The District of 100 Mile has once again denied a permissive tax exemption request by the Royal Canadian Legion Branch No. 260 because its primary function is a bar.
In a letter to council, Legion president Joni Guenther had sought a tax exemption for the property at 933 Alder Ave., saying they have faced “financial difficulties and various other problems in reopening” their facility, paying staff and supporting the community. In 2022, the value of the property was assessed at $326,100 while the Legion’s property tax was $5,222.26.
Her request was bolstered by letters of support from the 2887 Canadian Army Cadet Corp./Regional Cadet Support Unit (Pacific), Caitlin Currie, principal of Peter Skene Ogden Secondary, Lori Fry, of the White Cane Club, and Patsy Granberg, of the Parkside Gallery.
“Even though we operate a social lounge, all proceeds after expenses, are committed to assisting the community,” Guenther said in her letter. “We are a not-for-profit facility.”
A staff report noted that under Division 7 Section 224 of the Community Charter council may make a property tax-exempt if it is owned by a charitable or philanthropic organization or if council considers the property to be used for such a purpose.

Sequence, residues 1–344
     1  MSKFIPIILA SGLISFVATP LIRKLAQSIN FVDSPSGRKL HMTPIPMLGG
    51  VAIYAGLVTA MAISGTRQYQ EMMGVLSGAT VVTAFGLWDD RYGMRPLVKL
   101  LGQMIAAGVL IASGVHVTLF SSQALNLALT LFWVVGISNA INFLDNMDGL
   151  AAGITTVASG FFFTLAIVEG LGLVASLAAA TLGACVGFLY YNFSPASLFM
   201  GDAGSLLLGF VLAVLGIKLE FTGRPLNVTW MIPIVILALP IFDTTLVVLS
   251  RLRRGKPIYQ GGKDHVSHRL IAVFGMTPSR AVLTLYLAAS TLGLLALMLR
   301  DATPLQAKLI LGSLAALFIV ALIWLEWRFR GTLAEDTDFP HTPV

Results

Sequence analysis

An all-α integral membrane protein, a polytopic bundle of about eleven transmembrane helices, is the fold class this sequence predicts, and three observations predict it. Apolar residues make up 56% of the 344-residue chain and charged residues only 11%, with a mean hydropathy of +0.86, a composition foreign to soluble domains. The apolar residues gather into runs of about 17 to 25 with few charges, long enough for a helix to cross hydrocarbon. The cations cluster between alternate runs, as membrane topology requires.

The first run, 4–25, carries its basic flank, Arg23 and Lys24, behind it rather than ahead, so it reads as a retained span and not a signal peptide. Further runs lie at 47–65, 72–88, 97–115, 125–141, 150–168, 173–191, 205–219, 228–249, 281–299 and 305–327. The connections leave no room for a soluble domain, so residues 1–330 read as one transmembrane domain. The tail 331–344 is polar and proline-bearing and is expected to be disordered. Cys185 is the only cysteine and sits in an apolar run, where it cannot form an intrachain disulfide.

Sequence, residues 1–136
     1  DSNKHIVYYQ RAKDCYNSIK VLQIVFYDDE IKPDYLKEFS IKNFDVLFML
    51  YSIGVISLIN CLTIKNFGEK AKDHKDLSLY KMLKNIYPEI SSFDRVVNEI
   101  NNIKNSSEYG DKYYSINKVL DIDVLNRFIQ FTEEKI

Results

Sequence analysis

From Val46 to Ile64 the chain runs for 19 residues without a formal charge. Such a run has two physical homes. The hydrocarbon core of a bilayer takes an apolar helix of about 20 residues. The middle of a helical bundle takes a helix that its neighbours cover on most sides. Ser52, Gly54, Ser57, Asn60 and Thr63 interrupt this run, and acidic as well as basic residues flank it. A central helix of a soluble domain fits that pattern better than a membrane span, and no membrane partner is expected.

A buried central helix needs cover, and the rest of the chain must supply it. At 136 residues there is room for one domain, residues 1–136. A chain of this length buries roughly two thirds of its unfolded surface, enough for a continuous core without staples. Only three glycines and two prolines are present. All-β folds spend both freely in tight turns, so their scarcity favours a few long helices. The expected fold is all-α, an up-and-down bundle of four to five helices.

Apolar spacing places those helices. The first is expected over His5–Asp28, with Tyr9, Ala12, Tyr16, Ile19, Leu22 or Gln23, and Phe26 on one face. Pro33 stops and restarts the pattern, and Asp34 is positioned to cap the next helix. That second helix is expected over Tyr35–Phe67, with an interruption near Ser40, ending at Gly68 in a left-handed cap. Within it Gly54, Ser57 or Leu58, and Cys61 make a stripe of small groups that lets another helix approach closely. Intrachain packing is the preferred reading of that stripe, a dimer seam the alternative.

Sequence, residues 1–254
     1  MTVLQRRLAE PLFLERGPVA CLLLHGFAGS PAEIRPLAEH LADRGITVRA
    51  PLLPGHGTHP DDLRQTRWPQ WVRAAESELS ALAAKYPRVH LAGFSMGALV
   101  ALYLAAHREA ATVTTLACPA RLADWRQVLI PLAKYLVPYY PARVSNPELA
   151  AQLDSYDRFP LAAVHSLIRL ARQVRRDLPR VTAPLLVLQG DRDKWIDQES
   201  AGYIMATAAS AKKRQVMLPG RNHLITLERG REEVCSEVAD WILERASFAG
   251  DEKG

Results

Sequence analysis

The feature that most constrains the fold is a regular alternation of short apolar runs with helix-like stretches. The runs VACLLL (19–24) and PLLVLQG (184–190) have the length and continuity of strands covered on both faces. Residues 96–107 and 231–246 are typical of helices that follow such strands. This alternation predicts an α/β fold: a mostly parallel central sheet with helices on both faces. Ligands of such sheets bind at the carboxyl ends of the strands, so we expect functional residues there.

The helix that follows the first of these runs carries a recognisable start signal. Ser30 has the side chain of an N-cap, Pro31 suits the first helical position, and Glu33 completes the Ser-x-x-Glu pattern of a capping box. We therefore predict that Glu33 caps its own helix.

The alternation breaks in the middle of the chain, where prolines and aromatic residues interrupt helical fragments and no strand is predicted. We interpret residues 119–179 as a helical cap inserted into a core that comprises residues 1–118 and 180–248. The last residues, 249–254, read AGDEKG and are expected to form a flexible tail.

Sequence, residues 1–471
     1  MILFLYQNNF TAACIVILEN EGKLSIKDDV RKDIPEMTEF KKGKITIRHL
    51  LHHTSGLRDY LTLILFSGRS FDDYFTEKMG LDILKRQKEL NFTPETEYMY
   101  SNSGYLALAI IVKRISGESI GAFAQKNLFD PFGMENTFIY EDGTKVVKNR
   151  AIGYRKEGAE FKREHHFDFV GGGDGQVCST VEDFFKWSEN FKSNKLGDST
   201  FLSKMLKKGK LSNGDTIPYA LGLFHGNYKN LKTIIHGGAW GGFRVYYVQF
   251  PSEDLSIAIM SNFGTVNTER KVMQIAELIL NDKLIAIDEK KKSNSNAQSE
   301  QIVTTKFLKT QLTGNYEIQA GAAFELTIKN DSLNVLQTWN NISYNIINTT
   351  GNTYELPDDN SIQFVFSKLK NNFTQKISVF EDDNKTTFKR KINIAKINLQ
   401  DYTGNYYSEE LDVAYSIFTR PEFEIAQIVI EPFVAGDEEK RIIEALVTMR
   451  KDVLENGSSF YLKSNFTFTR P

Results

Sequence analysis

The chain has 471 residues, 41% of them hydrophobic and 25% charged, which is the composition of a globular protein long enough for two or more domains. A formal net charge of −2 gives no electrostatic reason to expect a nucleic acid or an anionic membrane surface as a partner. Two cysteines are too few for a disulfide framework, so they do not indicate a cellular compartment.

However, Coun. Ralph Fossum made the motion to deny the tax exemption, noting the Legion has made the request several times over the past few years.
“To deny a request from the Legion is not a comment, a criticism or disrespect on the valuable services provided by the Legion,” he said. “It has to do with the use of the land. The primary use of the property is a bar, which puts it in conflict with other businesses that likewise serve alcohol and pay taxes.”
Coun. Donna Barnett noted she “did her homework” and found that other Legions are tax-exempt. She added the basis for denying the Legion tax exemption stems from a 2003 court case and suggested staff find out if that case is still in effect.
Mayor Maureen Pinkney said that even if the law has changed, the community’s own standards would need to be waived. She added there are other ways for the Legion to offset their taxes, such as applying for grant funding.
Fossum acknowledged that local Legions such as Forest Grove have been successful in receiving tax exemption status. He said Forest Grove does not directly compete with bars like 100 Mile’s Legion.
“I would submit that the Legion in Forest Grove is a rallying point for the community and not in competition with any other liquor facilities,” Fossum said. “In town, it’s a different story.”